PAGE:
Pakistan promises full probe into airliner crash
ISLAMABAD - Reuters
AFP photoPakistani officials today promised a full investigation into the crash of a domestic flight that killed 127 people, saying they were examining all possibilities, from a technical fault to the age of the Boeing 737 to sabotage.
Grieving relatives claiming the remains of loved ones at a hospital expressed grief and anger over the crash in a storm as the plane approached Islamabad on a flight from Karachi, Pakistan's commercial hub.
Armed police kept media out of the Institute of Medical Sciences in the capital where the remains were stored.
With wreckage scattered over a square km of wheat fields, officials said there were no survivors.
"We are trying to find out whether the life of the plane was over, whether it was a technical fault, whether it was sabotage or any other reason," Interior Ministers Rehman Malik told reporters.
The Boeing 737-200 was more than 27 years old, according to AviationSafety.net.
Prime Minister Yusuf Raza Gilani, speaking outside the hospital, said: "Until investigations are completed, we cannot jump to any conclusions."
Malik said the owner of Bhoja Air, Farooq Bhoja, had been barred from leaving the country to ensure his cooperation with the investigation. "Action will be taken, and will be seen to have been taken, I promise you," he said.
Bhoja Air started flights in 1993 but suspended operations eight years later because of financial problems. It resumed domestic flights only last month.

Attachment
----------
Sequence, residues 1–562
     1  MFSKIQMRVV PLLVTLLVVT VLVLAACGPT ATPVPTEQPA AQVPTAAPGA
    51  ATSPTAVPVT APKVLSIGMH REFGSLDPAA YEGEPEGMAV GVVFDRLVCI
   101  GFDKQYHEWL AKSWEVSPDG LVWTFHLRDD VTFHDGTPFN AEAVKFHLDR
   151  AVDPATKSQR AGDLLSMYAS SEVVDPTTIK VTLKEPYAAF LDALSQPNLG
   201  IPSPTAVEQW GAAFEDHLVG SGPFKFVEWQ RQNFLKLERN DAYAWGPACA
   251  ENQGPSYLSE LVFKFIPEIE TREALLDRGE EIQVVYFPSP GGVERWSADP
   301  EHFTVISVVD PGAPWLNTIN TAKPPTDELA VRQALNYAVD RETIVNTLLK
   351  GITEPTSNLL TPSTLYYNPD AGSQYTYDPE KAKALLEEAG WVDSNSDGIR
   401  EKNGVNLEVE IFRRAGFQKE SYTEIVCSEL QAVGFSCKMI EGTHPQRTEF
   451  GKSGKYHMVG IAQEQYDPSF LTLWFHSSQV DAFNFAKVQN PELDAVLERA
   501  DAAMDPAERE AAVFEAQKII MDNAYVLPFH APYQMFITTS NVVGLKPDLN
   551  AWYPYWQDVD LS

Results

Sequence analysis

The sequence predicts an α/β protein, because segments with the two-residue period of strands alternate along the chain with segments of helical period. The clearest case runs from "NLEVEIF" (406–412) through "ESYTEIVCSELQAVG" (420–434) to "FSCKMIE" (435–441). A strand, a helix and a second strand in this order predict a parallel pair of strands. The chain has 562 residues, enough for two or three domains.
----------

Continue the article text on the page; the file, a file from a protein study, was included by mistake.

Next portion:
The plane's "black box", which records flight data, was recovered last night, rescue authorities said.
Bhoja officials were not immediately available for comment.
Many of the relatives gathered at the hospital had flown up from Karachi on Saturday morning for the task of identifying victims. Women and men sobbed openly and pushed reporters away.
"My brothers are gone! My brothers are gone!" wailed Mohammad Shahzad, slumping to the ground by the hospital entrance.
One brother had been identified, he said, the other remained missing. Both had been on a day-long business trip linked to the transport company run by the three siblings.
"We don't know what to tell the kids, we don't know what to tell my mother," Shahzad said.
"They keep calling. I told them there was an accident and we don't know anything yet."
Ayesha Ishaque pressed her face against a light brown wooden coffin labelled "Body 140". Her brother, Mohammad Saud Ishaque, had been returning home from studies in Karachi.
"Why has God done this to my brother," she wailed.